A typical Aachen success story: the RWTH start-up Meotec was established on Campus Melaten, and is now expanding at Aachen’s Triwo Technopark.
Are you actually doing what you initially set out to do? That is the question, according to Christoph Ptock, that start-ups often ask themselves. “In our case – I’m pleased to say – the answer is, ‘Yes!’ ” Ptock is Meotec’s operations manager and authorised representative. When his school friend Alexander Kopp founded the company nine years ago, he was in on the venture from the very start. The two RWTH engineers in their mid-twenties found the start-up financing they needed to pursue their idea: to render magnesium capable of being used to manufacture resorbable magnesium implants for medical applications, for example screws, rods and plates for victims of accidents who, thanks to these bioresorbable implants, could be spared the necessity of a second operation. This would mean less suffering and pain for the patients, and lower costs for the health insurance system.
A complete process chain under their own direction
The plan worked, and Meotec got better and better at mastering two key challenges. In response to a market scarcity, they developed several magnesium alloys to cater for the extremely sophisticated demands of the medics. And they refined the coating process for the implants to make it possible – by controlling, for example, the thickness or the porosity of the coating – to precisely adjust the degradation rate of the individual implant, i.e. the period of time until it begins to dissolve. Meotec moved in 2016 from Campus Melaten to the Triwo Technopark in the east of Aachen, where it now operates a proper small factory. “It’s a complete process chain,” says Christoph Ptock. “We develop the alloys, cast them, machine the material, shape and coat the medical products – and even pack them ourselves.”
In the course of this success story, Meotec has grown – not only in terms of the size its interdisciplinary team, currently numbering 35, but also in terms of the breadth of its portfolio. Today, Meotec also enjoys success as a producer of magnesium semi-finished product for other manufacturers, and also surface-coats aluminium and titanium work pieces – not only for the med-tech sector but also for clients in the automotive industry, including VW. And a further mainstay has been added to the company portfolio: forming processes. In its own special press, Meotec mechanically processes the high-strength light metals to render them more resilient. This makes it possible for medical implants to become smaller and lighter.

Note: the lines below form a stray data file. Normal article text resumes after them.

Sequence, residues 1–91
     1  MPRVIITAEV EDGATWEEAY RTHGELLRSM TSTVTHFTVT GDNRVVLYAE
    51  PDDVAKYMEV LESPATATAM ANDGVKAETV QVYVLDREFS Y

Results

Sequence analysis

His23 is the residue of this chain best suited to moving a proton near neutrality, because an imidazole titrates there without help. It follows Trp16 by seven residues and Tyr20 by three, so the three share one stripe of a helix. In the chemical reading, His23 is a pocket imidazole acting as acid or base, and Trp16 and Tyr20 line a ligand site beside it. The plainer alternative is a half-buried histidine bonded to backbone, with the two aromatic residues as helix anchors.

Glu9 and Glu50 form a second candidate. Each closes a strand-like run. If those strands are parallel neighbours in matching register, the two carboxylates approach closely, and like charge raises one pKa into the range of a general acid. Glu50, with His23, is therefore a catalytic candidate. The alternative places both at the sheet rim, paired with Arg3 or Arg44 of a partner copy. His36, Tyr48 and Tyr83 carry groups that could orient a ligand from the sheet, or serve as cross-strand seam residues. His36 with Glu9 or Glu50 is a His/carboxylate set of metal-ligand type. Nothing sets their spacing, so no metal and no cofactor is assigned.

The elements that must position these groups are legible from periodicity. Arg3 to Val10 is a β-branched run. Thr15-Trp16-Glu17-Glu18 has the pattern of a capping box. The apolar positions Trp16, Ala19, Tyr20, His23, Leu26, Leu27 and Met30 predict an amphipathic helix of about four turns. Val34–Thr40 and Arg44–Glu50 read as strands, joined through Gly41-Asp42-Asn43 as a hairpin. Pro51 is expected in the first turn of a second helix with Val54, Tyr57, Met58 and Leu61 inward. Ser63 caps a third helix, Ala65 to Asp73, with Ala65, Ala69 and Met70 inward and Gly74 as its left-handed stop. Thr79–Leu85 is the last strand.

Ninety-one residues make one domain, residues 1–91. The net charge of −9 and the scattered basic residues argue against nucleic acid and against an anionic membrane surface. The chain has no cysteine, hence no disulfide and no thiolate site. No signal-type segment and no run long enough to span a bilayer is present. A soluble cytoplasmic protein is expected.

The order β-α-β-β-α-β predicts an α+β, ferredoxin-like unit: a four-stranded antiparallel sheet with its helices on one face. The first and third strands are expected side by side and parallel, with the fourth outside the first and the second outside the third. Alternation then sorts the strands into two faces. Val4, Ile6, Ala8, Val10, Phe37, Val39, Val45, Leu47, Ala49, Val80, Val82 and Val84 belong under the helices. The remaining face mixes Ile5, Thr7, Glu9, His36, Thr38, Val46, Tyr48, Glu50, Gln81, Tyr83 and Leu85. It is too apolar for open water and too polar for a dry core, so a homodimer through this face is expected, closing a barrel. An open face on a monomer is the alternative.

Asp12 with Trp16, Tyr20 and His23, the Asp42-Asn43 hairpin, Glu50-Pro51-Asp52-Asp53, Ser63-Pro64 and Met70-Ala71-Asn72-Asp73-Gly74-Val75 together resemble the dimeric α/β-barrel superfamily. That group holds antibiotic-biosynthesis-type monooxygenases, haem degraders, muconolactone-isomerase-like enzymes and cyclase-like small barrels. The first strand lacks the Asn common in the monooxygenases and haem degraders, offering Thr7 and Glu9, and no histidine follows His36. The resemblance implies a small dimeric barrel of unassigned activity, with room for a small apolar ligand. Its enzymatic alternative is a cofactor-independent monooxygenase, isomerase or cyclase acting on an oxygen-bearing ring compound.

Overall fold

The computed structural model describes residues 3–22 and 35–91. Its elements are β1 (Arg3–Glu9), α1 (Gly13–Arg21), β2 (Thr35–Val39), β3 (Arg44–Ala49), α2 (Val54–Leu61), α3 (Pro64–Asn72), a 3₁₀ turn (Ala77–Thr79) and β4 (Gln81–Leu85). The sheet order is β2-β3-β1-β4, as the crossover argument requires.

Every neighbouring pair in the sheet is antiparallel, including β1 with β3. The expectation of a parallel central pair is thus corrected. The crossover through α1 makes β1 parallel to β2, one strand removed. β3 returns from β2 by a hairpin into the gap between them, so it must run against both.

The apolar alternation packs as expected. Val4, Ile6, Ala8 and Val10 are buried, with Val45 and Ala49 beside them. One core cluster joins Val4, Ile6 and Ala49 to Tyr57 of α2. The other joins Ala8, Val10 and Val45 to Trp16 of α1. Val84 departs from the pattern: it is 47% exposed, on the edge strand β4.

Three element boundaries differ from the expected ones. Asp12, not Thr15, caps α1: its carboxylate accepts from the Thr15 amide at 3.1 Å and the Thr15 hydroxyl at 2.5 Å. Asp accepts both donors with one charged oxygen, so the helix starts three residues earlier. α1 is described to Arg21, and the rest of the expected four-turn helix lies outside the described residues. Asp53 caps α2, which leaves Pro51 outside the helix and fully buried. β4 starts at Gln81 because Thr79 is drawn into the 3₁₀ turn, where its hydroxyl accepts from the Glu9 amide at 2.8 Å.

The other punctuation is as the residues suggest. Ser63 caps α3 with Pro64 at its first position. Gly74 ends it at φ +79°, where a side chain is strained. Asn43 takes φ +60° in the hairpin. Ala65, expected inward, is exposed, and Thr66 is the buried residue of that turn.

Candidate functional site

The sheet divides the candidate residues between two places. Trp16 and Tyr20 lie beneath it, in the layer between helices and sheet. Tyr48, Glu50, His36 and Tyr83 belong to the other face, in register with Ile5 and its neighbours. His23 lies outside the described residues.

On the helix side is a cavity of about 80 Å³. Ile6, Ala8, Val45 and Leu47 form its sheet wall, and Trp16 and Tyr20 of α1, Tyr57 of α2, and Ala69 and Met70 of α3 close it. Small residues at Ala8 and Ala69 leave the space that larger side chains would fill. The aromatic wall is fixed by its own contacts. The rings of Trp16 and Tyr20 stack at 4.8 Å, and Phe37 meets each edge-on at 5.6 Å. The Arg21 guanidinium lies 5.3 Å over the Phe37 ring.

Technology is not everything
But Meotec’s success story is by no means based on pure technology alone. “Because we do a lot of the work ourselves, our know-how is very effectively protected,” says Christoph Ptock, listing some of the strategic essentials. “We don’t have an investor pushing us, so we can manage our risks as we see fit. And Aachen offers enormous potential as a location. Many of the people working for us are graduates from the RWTH and the FH Aachen.” Very important: good connections to the people who shape the key opinions in the various business sectors and on the client side. This enables Meotec to research and produce in direct response to real-world demand.
Another important factor is the distribution of tasks. Authorised representative Christoph Ptock, who also studied communication sciences, explains what this means by using himself as an example. “I’m more of a structured type and approach things in a completely different way to my colleague Alexander Kopp. He’s incredibly creative, he drives our innovations, thinks up new products and business models. But, on the other hand, management control systems aren’t really his thing.” Meotec distributes tasks among its employees according to exactly such criteria, says Ptock – and the spacious extension to the factory currently being built for the company domicile proves the point: this is a coherent model!